Underneath the perforated steel lid theres a larger pair of transformers to handle the increased output, and inside there are two ultra-thick PCBs: one for the power supply and one for the audio. The four valve bases are bolted to the chassis and secured by locking nuts, with hi-fi style internal baffle plates to cut down on radiated hum. The standard of construction is absolutely top class. THD are based in Seattle, which is also home town to Boeing, and most of the BiValves heavy fabrication work is contracted out to local specialist companies who service the aircraft industry. So now you know.


The front panel looks deceptively simple. Working from the left, theres a pair of input jacks labeled more and less, followed by a treble cut switch then rotary controls for volume, treble, bass and what THD call Attitude. Its not a fancy name for a presence control - theres no negative feedback loop - instead Attitude works on the driver valve to change its response, and does more or less what the name suggests: either smoothing things out or making them more aggressive.


In the centre, part of a clever noise reduction circuit, is a light bulb that glows as the amp distorts. Depending on your point of view it either looks very hip or very distracting, hence a small switch underneath to turn it off. Next to this is the level control for the Hotplate - a built-in output attenuator that lets you run the BiValve into total meltdown without annoying the neighbors; theres also a defeat switch for this function, which adds a little extra volume for live work.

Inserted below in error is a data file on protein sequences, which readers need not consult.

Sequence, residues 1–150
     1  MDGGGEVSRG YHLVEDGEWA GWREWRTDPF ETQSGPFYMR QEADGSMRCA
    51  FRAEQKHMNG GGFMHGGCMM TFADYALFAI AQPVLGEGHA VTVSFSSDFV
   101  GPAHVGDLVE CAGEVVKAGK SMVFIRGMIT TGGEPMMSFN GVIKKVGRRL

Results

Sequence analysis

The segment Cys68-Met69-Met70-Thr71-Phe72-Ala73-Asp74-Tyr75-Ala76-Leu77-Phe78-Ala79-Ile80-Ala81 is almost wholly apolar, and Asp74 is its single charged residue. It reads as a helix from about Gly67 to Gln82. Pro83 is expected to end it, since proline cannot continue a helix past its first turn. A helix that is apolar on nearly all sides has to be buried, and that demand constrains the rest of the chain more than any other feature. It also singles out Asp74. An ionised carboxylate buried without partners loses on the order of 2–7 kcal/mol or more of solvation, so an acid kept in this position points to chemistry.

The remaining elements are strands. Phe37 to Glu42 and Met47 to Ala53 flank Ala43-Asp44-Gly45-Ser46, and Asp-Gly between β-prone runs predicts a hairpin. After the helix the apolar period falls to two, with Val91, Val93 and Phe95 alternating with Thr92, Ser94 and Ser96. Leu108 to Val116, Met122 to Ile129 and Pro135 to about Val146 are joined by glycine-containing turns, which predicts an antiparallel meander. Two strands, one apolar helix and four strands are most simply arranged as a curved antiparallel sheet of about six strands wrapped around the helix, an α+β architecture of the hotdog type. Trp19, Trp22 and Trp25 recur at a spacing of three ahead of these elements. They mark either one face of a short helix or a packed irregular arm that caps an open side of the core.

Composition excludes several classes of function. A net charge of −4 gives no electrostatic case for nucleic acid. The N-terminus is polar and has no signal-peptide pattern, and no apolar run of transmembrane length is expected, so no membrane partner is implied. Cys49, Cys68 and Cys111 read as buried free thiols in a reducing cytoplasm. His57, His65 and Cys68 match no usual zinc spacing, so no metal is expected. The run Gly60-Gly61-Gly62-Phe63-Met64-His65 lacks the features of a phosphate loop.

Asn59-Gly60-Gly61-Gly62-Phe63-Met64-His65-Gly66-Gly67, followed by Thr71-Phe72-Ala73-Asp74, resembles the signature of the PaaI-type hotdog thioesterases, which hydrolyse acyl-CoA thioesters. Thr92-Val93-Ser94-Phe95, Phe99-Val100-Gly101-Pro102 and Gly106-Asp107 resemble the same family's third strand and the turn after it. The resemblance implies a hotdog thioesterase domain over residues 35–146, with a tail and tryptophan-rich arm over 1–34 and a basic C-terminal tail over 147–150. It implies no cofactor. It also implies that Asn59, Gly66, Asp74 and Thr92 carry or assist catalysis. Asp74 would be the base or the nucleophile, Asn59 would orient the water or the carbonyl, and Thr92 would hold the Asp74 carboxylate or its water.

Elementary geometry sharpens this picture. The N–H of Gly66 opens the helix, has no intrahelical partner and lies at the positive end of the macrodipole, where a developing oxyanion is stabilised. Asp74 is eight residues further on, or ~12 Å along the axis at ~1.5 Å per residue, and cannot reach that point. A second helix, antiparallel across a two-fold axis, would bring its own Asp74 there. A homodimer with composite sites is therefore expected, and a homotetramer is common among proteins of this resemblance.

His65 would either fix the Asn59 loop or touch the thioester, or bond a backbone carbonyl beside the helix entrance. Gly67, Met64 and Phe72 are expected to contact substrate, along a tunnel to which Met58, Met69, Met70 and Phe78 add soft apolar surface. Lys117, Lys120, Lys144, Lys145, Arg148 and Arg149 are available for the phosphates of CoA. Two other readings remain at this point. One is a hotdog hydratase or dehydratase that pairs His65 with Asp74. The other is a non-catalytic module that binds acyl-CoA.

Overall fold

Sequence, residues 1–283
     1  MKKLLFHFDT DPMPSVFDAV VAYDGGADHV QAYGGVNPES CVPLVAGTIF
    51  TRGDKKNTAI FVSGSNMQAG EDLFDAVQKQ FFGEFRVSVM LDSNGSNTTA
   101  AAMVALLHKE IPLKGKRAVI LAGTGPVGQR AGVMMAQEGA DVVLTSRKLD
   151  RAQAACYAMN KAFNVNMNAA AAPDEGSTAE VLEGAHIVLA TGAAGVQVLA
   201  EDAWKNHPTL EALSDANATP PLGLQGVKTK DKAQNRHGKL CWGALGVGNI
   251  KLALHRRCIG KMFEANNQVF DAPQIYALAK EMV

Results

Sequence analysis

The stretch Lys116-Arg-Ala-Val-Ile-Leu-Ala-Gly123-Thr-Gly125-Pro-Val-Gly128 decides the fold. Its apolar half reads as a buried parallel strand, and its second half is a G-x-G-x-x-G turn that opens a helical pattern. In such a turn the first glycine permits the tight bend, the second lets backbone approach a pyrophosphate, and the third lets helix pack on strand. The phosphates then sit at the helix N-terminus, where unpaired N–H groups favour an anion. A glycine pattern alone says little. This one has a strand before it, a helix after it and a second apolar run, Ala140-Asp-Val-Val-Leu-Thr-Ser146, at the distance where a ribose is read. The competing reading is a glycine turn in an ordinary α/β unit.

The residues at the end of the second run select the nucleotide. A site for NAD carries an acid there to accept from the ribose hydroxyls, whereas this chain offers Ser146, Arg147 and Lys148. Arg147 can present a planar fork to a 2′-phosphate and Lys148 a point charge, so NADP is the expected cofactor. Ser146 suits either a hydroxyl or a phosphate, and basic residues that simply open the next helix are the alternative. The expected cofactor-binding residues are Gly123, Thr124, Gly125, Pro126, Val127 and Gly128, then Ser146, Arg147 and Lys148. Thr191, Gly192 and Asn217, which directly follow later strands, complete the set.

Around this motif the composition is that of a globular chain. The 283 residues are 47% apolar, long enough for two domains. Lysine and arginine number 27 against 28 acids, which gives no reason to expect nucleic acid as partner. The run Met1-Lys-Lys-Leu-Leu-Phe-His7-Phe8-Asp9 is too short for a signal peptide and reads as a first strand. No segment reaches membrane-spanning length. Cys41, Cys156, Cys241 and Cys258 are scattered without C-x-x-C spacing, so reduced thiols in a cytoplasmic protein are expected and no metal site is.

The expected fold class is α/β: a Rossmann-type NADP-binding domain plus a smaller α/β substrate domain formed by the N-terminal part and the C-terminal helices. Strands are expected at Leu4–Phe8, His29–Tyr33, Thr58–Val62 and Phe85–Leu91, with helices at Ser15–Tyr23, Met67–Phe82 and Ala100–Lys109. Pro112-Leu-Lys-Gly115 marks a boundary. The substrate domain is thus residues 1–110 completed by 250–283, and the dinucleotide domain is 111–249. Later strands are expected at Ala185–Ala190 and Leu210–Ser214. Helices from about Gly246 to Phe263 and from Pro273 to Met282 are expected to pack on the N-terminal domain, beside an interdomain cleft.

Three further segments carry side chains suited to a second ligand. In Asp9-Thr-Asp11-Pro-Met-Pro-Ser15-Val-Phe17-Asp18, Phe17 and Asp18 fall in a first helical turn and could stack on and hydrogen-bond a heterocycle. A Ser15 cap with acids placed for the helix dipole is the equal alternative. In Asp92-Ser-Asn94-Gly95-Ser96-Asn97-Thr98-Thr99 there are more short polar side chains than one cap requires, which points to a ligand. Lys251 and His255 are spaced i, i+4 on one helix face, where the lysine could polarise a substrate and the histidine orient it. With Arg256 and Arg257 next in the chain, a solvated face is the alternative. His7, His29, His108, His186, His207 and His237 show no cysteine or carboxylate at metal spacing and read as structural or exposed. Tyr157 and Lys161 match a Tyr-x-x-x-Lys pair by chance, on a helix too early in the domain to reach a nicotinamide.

The last three rocker switches are for mains, standby and power selection. The hi/lo power switch is like having a built-in Variac; switching to low voltage adds a squashy dynamic feel and reduces clean headroom, and its essential for valves like the 6V6 which cant handle high plate voltages.


The BiValves back panel is also similar to its smaller cousin. Theres a pair of speaker outlets with an impedance changer, and the excellent transformer-isolated line out - using a 6mm stereo jack socket - is now balanced. Fuse protection is more comprehensive, and the BiValve also benefits form a pair of warning LEDs to let you know if a power valve is faulty.


SOUNDS: When it comes to describing the BiValves sounds, its difficult to know where to start, or when to stop, for that matter. You can use almost any power and preamp valve combination under the sun, and as a result the tonal range is virtually unlimited.


While we liked the dual 6L6 arrangement the amp is supplied with, switching from these Russian valves to a pair of the new Groove Tubes 6L6GEs (made in America to the old General Electric spec) really brought things to life. The cleaner tones have a rich, sonorous and detailed mid-range that will flatter any guitar, with a bell-like treble that almost sounds like a chorus effect. Low-end response through a ported cab containing a pair of Celestion Vintage 30 speakers is full without becoming too tubby.